You’ve written the perfect blog post, and now all you need to do is design the perfect Pinterest graphic to go with it! Easy, right?
Actually, the easy part is getting in your own way when it comes to design.
Ever do that? I have.
Today I’ll show you 5 simple Pinterest graphics for one blog post. Oh, yes – and I’m giving you the templates.
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Ever notice how easy it is to make simple tasks difficult?
Think of this: you have an idea for a fabulous blog post that your reader will LOVE. You research your topic, come up with a clever opening, write several hundred words, then tie it all together with a memorable closing paragraph.
Whew! All you need to do now is make a beautiful Pinterest graphic, and you’re ready to publish that life-changing post.
And that’s when the pressure hits. What fonts do I choose? Can I use that photo? Where do I put the words? Do I have too many fonts? Should I add more color? Can you even read this thing? Will anyone ever pin it? I need chocolate.
Can you relate? I can, and I’m a graphic designer!
It’s so easy to get tripped up at the finish line, but it doesn’t have to be like that!
I give you full permission, here today, to make designing your Pinterest graphic the easiest part of writing a blog post.
“Gee thanks,” you’re thinking. “Are you going to come design it for me?”
Well, in a way – yes! But before we get to that, let’s ask the question:
What is the point of a Pinterest graphic?
Simple: to attract someone to come over to your blog post.
That’s it – one job.
And since the job is so simple, the graphic should be simple, too.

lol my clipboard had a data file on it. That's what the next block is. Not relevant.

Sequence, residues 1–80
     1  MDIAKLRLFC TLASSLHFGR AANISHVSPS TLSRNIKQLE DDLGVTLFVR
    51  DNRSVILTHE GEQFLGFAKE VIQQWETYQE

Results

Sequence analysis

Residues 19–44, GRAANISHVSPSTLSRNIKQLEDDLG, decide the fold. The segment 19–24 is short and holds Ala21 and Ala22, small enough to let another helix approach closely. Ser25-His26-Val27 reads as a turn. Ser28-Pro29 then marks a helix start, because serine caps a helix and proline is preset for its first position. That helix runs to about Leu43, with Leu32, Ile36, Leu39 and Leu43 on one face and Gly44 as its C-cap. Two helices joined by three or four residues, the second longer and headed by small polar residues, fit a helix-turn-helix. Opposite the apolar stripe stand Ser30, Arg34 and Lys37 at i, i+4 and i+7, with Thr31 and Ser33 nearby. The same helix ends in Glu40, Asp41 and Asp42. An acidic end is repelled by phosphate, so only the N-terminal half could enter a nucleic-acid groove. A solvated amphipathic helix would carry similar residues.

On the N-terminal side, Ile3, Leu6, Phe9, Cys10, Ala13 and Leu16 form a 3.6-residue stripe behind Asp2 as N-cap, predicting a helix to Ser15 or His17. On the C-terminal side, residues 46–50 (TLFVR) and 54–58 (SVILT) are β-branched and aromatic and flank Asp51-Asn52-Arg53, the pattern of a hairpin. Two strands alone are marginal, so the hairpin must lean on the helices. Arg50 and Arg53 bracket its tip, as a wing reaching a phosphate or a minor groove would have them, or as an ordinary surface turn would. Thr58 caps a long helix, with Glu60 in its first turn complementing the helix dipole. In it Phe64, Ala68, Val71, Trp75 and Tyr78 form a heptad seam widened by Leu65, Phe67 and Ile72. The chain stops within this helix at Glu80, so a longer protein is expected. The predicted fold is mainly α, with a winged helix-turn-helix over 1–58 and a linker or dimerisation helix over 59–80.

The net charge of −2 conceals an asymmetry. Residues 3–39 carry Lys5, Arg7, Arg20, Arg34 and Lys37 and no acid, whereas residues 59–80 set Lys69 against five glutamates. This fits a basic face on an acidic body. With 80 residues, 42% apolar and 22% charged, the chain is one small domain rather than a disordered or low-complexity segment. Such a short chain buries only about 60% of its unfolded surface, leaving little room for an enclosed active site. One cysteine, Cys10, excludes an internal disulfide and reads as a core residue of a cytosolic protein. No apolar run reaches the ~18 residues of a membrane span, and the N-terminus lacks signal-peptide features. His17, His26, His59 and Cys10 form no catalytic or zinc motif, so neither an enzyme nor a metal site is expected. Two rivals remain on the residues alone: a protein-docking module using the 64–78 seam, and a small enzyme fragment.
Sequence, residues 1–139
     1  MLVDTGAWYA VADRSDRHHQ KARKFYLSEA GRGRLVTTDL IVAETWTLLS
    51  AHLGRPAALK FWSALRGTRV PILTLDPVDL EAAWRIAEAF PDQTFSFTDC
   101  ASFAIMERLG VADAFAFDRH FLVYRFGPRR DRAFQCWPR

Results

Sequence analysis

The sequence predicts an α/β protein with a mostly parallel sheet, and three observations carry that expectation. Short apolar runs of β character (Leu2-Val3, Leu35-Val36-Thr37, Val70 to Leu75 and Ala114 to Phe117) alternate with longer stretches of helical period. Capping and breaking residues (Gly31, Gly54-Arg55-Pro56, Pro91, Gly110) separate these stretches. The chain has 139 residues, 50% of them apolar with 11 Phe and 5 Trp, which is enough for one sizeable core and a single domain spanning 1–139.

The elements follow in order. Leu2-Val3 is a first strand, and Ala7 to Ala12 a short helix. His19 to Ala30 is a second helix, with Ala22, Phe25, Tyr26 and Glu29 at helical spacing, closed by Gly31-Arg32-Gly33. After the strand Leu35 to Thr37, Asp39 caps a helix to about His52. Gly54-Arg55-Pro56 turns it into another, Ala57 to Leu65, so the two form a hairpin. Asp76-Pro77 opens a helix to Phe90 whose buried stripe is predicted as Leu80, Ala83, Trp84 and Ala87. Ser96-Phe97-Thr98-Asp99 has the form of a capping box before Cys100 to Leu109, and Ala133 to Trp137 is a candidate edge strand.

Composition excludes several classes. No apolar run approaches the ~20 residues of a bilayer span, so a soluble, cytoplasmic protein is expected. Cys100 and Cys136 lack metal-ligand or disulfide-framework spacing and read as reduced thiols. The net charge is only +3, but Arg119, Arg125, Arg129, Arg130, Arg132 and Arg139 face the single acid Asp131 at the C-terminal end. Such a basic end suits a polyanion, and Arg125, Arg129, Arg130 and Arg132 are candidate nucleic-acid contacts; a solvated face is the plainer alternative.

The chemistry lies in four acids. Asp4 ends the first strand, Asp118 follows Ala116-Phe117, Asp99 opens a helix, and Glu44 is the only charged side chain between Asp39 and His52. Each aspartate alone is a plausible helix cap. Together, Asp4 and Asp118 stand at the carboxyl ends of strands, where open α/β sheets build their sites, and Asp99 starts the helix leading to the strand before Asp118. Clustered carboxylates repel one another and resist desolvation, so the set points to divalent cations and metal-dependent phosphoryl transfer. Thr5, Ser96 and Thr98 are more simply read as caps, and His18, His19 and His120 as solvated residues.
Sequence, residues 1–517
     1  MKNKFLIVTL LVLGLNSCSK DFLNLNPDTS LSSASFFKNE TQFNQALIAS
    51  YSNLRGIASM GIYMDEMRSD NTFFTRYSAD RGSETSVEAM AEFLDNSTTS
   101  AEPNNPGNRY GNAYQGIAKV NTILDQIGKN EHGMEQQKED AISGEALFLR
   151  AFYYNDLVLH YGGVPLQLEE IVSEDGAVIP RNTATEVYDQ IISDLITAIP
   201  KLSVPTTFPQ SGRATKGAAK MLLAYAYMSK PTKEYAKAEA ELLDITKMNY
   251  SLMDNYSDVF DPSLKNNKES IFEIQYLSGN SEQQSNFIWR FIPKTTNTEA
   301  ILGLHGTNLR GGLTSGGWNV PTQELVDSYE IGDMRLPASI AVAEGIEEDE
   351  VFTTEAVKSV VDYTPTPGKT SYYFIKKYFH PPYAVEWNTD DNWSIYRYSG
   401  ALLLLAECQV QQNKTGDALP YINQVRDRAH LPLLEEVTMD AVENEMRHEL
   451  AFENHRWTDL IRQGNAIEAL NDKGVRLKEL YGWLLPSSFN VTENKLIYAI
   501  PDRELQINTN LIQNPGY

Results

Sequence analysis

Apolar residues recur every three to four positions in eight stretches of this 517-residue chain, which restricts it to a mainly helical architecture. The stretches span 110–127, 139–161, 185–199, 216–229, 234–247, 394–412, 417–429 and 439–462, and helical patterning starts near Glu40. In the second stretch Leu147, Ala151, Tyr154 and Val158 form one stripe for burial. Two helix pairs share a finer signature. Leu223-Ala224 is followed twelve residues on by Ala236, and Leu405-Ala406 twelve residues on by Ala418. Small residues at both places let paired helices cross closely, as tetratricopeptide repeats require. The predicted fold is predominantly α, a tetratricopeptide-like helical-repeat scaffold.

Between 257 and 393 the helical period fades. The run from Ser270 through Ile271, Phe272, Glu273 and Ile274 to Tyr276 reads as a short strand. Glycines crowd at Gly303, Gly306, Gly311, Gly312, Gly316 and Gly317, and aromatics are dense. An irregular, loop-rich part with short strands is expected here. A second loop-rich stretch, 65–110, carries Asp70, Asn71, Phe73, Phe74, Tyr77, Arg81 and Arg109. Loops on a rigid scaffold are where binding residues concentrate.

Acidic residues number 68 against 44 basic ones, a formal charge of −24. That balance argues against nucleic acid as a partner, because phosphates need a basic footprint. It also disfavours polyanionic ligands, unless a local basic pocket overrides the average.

Remember that – your Pinterest graphic should be simple. It should deliver one message – the big idea of your blog post.
Where we trip ourselves up is that we also know a Pinterest graphic should be visually appealing and include your brand style. We get so caught up in the design that we forget the whole point of the graphic – a simple message of how your post can help your reader.
The goal of a Pinterest graphic is to attract attention without getting in the way of the message. Best way to do that? Keep it simple.
I’ve made 5 examples of simple Pinterest graphics to inspire you and let you know:
- Simple can be beautiful
- Simple can be easy
Download these templates and use them for your next graphic! See the tips at the end of this post to get the most out of your templates.
Here are 5 simple Pinterest graphics that you can use:
#1 – Simple & Centered
Photo + white overlay + title = simple Pinterest graphic
That’s really all you need for an effective pin! Choose two clean, clear fonts, add your blog name, and you’re finished. Boom!
(Psst – an overlay is just a semi-transparent layer that “lays over” your graphic. You can see the photo underneath, but you’re still able to read the text on top of it.)
#2 – Pop of Color
Swap out the white overlay for a color overlay, and use white text to make your title really stand out. Nice, clean, clear – check!
#3 – Slide to the Side
Not everything has to be centered! Align your text to one side and use a small overlay to help the title stand out. The key is to make all of your text aligned the same. It can look confusing to have some text centered, some to the right, etc.
#4 – Photo Optional
For a truly clean look, forget the photo! Use a solid background and a few boxes to separate the text. It’s still quite appealing, and easy to read.
#5 – Horizontal in a Vertical World
Want to use a horizontal photo? No problem! Keep the photo at the bottom and put your text at the top.
Your Pinterest graphics should be simple, but they don’t have to be boring! Now it’s your turn. Download the templates, and swap out the photo & text. Then get your graphics out there!
I’d love to see what you make! @imaginedesignrepeat
Like the photo in the examples? It’s from my favorite source of stock photography, Haute Stock.
(Photo is not included in template.)
How to get the most out of your simple Pinterest graphic templates
- Use Photoshop (30 day trial available here). It’s my favorite design tool! See some basic Photoshop tutorials here.
- When you open a template, save it under a new name (File > Save As) so you don’t change the original.
- If you want to use the same fonts, you’ll find them here:
Font: Caviar Dreams